Blog entry by Meguid El Nahas

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by Meguid El Nahas - Wednesday, 21 November 2012, 9:33 AM
Anyone in the world

The UK ADDITION study of value of screening for DM has reported its findings in the Lancet.

This was a clinic level cluster randomised trial.

>16,000 high risk individuals were screened in general practice in the UK between ages of 40-69 for type2 diabetes mellitus.

3% were found to have DM upon screening.

Follow-up of 10 years of these cohorts showed no difference in mortality between screening and control group. 

Moratlity hazard ratios for death from CVD, cancer and diabetes did not differ either.

The study has not reproted on microvascular complications and their incidence.


The low prevalence of 3% of T2DM in this high risk population may be a reason why the overall impact of screening on mortality has been limited. In populations with higher prevalence of obesity and T2DM, screening of those at risk may prove cost-effective.

Also, screening may allow to detect early complications of T2DM such as renal, cardiovascular, neuropathic and ocular involvements. These may take more than 10 years to fully express their morbidity and the associated mortality. Early detection may impact on progression of microvascular complications and overall outcomes in the longer term. Such secondary prevention of complications have not been reported by the ADDITION study yet.

Ultimately, the issue of obesity and T2DM is a societal one and one that involves primary prevention. Here lifestyle changes are key to outcomes but implementation of societal lifestyle changes take much more that mere encouragement to eat well and excercise....!!! Also barriers for implementation of lifestyle and metformin treatment for prevention of T2DM has previously been discussed on OLA.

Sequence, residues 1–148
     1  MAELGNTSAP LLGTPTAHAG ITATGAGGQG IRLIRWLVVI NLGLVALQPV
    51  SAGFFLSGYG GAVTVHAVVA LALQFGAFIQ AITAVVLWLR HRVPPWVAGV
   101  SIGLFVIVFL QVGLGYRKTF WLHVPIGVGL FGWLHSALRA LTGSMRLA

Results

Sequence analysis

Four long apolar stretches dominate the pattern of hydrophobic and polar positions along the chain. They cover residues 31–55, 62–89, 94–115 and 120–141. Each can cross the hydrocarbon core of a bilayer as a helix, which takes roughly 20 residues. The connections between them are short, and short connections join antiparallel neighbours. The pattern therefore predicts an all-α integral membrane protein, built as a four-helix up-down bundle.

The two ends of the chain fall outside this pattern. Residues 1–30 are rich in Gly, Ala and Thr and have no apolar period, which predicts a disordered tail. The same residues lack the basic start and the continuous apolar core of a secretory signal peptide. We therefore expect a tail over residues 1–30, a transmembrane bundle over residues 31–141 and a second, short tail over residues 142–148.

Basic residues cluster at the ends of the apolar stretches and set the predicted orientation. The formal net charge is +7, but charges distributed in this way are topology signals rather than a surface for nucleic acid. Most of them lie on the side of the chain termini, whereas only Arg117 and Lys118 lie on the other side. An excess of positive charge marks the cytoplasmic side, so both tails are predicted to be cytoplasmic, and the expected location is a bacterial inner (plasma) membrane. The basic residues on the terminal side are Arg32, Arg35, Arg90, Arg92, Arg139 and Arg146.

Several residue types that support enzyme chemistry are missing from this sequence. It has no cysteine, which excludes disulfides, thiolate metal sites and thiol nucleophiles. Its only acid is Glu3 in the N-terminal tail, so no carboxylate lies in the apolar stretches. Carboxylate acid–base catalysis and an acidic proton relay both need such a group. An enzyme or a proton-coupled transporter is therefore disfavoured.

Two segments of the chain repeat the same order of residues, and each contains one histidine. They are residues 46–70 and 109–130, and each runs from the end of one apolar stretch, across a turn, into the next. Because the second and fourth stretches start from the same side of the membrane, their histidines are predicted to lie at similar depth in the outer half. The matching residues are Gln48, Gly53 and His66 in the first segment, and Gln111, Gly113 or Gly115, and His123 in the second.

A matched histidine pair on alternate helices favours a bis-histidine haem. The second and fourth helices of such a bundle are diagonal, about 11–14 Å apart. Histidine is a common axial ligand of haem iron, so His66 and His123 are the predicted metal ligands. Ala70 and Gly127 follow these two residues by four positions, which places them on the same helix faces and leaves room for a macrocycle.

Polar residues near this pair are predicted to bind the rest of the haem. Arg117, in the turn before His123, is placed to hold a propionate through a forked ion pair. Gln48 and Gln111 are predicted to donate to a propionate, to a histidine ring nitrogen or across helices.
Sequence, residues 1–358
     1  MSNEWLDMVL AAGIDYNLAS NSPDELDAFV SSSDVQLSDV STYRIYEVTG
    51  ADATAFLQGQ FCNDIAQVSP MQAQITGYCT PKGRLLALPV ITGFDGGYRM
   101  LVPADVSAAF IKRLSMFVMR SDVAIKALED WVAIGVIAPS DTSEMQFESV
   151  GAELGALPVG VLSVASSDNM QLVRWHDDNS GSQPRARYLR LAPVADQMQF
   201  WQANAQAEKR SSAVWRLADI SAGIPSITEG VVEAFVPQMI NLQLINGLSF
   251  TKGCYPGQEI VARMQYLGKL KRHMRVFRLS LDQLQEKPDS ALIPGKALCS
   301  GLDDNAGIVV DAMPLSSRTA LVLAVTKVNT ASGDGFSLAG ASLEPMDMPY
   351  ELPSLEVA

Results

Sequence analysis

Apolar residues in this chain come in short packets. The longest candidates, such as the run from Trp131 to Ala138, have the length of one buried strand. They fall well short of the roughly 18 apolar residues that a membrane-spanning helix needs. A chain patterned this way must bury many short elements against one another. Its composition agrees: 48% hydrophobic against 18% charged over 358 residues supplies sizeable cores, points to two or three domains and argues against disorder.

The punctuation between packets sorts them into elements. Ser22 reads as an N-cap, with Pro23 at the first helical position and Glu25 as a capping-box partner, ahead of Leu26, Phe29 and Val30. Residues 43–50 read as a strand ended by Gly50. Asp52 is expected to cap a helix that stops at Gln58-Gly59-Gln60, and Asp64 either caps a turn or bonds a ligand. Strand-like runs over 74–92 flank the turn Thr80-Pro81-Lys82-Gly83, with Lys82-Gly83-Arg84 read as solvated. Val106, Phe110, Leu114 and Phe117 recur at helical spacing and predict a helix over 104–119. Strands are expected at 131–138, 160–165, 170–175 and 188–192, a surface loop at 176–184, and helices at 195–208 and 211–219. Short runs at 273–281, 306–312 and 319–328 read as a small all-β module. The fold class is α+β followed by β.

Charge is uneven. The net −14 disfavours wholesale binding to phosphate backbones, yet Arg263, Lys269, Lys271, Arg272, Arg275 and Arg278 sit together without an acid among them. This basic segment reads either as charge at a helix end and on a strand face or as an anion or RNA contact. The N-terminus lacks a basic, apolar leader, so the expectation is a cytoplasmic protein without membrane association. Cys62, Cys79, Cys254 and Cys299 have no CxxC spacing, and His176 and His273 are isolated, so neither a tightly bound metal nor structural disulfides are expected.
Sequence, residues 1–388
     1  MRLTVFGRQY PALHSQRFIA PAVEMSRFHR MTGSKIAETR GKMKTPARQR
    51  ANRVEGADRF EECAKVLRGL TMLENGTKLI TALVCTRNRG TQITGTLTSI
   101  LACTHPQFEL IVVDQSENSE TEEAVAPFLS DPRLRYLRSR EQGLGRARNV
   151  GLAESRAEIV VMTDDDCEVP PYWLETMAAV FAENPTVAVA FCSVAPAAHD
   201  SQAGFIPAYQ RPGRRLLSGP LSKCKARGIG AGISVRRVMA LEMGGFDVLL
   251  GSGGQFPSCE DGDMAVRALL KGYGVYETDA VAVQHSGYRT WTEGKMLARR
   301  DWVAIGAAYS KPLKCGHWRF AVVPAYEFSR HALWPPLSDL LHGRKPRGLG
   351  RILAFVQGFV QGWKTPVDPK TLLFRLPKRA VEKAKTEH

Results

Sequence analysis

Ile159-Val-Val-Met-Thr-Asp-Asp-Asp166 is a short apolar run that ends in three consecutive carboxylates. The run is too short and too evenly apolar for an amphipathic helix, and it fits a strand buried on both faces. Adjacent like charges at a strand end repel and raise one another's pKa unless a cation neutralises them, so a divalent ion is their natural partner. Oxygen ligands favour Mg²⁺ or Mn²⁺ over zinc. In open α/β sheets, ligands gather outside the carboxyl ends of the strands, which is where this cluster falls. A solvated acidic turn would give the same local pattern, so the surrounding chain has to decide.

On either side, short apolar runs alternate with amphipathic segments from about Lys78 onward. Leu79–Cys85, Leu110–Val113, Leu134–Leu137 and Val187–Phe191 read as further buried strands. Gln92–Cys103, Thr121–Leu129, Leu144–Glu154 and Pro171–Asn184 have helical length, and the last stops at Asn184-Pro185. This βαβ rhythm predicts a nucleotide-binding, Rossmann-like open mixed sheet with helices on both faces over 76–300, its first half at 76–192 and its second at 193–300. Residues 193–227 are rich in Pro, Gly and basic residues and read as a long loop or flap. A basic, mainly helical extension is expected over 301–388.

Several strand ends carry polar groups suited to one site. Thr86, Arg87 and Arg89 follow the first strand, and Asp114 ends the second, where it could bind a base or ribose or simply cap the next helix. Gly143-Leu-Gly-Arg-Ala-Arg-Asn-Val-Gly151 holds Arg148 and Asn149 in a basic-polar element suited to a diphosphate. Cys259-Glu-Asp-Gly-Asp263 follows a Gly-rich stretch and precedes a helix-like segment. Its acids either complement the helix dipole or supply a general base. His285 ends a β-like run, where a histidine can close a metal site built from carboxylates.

Finally, lifestyle changes require huge economical commitments from governments with changes in internal migration, westernisation as well as urbanisation. It also requires urban planning with changes in the configuration of our communities and cities...In the current financial climate of recession and austerity, governments have other priorities on their minds....

Interesting to read in the Lancet this week about New York city efforts to reduce NCDs:

As New York City Mayor Michael Bloomberg has noted, “while government action is not sufficient alone, it is nevertheless absolutely essential. There are powers only governments can exercise, policies only governments can mandate and enforce, and results only governments can achieve. To halt the worldwide epidemic of non-communicable diseases, governments at all levels must make healthy solutions the default social option. That is, ultimately, government’s highest duty.








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